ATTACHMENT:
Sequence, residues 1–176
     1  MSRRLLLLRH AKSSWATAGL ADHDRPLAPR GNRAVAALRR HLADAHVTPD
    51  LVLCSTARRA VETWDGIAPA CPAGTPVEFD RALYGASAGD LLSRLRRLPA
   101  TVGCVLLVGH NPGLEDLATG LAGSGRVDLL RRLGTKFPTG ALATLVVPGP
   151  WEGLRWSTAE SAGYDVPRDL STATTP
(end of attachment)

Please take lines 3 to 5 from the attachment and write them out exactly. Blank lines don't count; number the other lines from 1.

    51  LVLCSTARRA VETWDGIAPA CPAGTPVEFD RALYGASAGD LLSRLRRLPA
   101  TVGCVLLVGH NPGLEDLATG LAGSGRVDLL RRLGTKFPTG ALATLVVPGP
   151  WEGLRWSTAE SAGYDVPRDL STATTP